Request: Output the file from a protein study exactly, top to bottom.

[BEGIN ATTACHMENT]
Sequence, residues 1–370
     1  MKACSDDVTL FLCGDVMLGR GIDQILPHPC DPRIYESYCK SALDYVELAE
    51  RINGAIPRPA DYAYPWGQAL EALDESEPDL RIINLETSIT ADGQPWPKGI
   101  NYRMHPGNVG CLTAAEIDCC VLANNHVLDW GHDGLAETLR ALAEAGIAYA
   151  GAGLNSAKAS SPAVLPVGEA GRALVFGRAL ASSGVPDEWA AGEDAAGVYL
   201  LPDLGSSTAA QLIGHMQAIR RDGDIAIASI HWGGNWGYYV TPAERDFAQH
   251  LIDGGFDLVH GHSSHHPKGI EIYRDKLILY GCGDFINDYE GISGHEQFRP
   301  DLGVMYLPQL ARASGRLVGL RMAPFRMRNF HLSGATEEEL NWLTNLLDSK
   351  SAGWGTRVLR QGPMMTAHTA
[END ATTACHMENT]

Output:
Sequence, residues 1–370
     1  MKACSDDVTL FLCGDVMLGR GIDQILPHPC DPRIYESYCK SALDYVELAE
    51  RINGAIPRPA DYAYPWGQAL EALDESEPDL RIINLETSIT ADGQPWPKGI
   101  NYRMHPGNVG CLTAAEIDCC VLANNHVLDW GHDGLAETLR ALAEAGIAYA
   151  GAGLNSAKAS SPAVLPVGEA GRALVFGRAL ASSGVPDEWA AGEDAAGVYL
   201  LPDLGSSTAA QLIGHMQAIR RDGDIAIASI HWGGNWGYYV TPAERDFAQH
   251  LIDGGFDLVH GHSSHHPKGI EIYRDKLILY GCGDFINDYE GISGHEQFRP
   301  DLGVMYLPQL ARASGRLVGL RMAPFRMRNF HLSGATEEEL NWLTNLLDSK
   351  SAGWGTRVLR QGPMMTAHTA